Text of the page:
I've tried various in-oven solutions over the last year or two with good, but not great results. It was also getting to the point where it was taking longer to set the oven up than it was to do the actual baking!

I became convinced that the best way forward was to generate steam externally and introduce it into the oven. This blog post gives some details of the practicalities of how I achieved this.

I decided that the simplest steam generator was going to be a pressure cooker, but there are other options, eg a steam wallpaper stripper!

So, as luck would have it, I found a nice compact stainless pressure cooker preowned at a good price. Originally sold by Lidl, I believe. I drilled a hole in the lid with a hole saw and fitted a 1/4 bsp ball valve, sealed in with a ptfe washer. I added a 1/2 bsp hose fitting and this end of things was ready to go.

For the oven, the only way in was from the side and through the adjacent kitchen cabinet - fortunately it's all hidden away! So I drilled a hole in the oven wall with the same hole saw and fitted a threaded 1/4 bulkhead fitting with ptfe washer. I needed a bigger hole in the oven cladding to get access from the outside.

Then a bit of thinwall stainless tubing, plus some more fittings and a bit of silver soldering got the oven end of things finished. I fitted some silicone tubing round the stainless pipe, held in place with Kapton tape, to ensure the wood doesn't get burnt.

The pipe from the pressure cooker to the oven is an old shower hose - the good ones are silicone tubing with a chrome plated brass outer, so just the job.

So, all done and ready to go! The trial run in a cold oven was promising, except the oven started to go rusty!

I used the steamer for the first time this morning and am well pleased with the results so far. I got the pressure cooker up to pressure - about 10psi, I think. Then put the loaves in, opened the steam up full, burner up full. The pressure soon dropped to zero, but i think the initial surge is useful.

I steamed for 10 mins and then knocked it off and briefly vented the oven.

Early days, but I'm pleased with the look of the loaves. There's more work to do as the crust is slightly tough and not as crisp as I hoped - perhaps I need to reduce the steam time a bit? One interesting thing I noticed is that weight loss of the loaves was reduced.

Any way, here's a few photos of the build:



caryn's picture

I thought I would more seriously document my bread-making on this site, so I have a history that I and others can learn from. Today I baked a formula that dmsnyder posted in August using using the technique that is used in Myhrvold’s bread encyclopedia. I did the autolyse step with all but the salt (including the leaving that I made the previous day), and then I machine mixed the ingredients until medium gluten development.  I then did 2 folds over  2 1/2 hours, and then pretty much followed David’s formula. I baked the loaves in the cast iron pot, covered for 45 minutes and then uncovered for an additional 10. For the first loaf I had set my oven to 500, reducing it to 470 when the bread went into the oven; for the second, I just left the oven at 470 the whole time. I think I prefer the second one.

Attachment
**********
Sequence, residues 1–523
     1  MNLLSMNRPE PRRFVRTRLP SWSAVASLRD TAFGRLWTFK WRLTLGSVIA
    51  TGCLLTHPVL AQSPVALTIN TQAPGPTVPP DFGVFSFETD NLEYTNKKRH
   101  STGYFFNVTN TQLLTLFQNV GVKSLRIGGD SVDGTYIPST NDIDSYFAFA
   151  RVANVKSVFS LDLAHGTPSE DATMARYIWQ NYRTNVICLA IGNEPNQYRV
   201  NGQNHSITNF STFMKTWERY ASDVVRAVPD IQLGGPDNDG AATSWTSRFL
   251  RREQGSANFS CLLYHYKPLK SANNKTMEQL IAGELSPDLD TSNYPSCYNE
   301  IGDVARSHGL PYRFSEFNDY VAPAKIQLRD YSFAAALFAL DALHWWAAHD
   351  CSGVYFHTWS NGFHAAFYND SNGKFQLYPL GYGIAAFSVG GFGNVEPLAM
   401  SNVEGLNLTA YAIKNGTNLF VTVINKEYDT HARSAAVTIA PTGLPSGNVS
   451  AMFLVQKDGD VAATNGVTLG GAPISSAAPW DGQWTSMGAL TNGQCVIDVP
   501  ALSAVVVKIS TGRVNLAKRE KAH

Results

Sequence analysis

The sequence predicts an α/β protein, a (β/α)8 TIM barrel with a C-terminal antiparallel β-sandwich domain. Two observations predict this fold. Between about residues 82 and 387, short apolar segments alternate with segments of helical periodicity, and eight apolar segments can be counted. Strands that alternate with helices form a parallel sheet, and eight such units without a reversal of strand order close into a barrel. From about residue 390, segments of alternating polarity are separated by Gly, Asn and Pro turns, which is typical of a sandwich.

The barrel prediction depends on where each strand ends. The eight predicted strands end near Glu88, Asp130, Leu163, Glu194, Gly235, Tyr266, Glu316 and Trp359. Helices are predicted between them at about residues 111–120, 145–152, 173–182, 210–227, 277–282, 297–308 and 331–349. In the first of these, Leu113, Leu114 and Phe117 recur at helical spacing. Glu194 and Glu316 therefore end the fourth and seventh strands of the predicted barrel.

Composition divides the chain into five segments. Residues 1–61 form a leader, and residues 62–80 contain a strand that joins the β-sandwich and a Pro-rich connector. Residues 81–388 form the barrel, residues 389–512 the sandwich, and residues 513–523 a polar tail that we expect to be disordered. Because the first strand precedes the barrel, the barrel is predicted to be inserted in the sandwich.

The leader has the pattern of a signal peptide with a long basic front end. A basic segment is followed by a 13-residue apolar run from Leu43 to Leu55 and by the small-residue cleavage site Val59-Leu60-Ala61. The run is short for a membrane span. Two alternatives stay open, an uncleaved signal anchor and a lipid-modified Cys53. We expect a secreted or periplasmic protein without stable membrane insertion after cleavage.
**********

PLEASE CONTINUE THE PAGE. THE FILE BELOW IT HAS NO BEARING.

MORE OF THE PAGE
i feel that this was a great success. It did not rise very high, but after all it is 40% whole grain. The taste and texture was really nice. I may play with this formula some time adding seeds and/or dried fruit some time. It is a really nice formula. Thank you, David.

 My scoring could use some improvement (not as lovely as David’s), but the taste makes up for it, I feel!

dmsnyder's picture

There really was enough bread in the freezer for most of a week, but I had an irresistible urge to bake bread, and I had promised to make a 75% whole wheat sourdough with home-milled flour, and last week's SJSD baguettes were so good and so gone ... 🤪

75% Whole Wheat Levain from FWSY, made with MockMilled whole wheat (and some rye)

The 75% Whole Wheat Levain's crumb

San Joaquin Sourdough Baguettes

And, last but not least, a Walnut-Fig Levain. It's good. It's the favorite of many of those with whom I share my breads.

Walnut-Fig Levain crumb

Walnut-Fig  levain with Point Reyes Blue Cheese. Delicious!

I feel better now. 😁

Happy baking!


Filomatic's picture

Some of you might have seen a post recently by user/morb1lee ( offering samples of his wheat grain.

This 50% whole wheat using Lee's grain is the result.  I chose this plain recipe to showcase the grain, and am quite please with the results.  I ground the grain, sifted, and used the bran for the levain.  I highly recommend this process (which I owe to dabrownman), as it softens the bran, making the dough silky smooth, softens the bran so as not to sever the gluten strands, and making the whole grain more digestible.  The finished bread is as soft as sandwich bread.

The final rise was a 24 hour cold retard.

kendalm's picture

Been a little while since I made these - getting better at keeping them down in the mold - half this batch stayed down thr other half popped up. No idea why !



Subscribe to Recent Blog Entries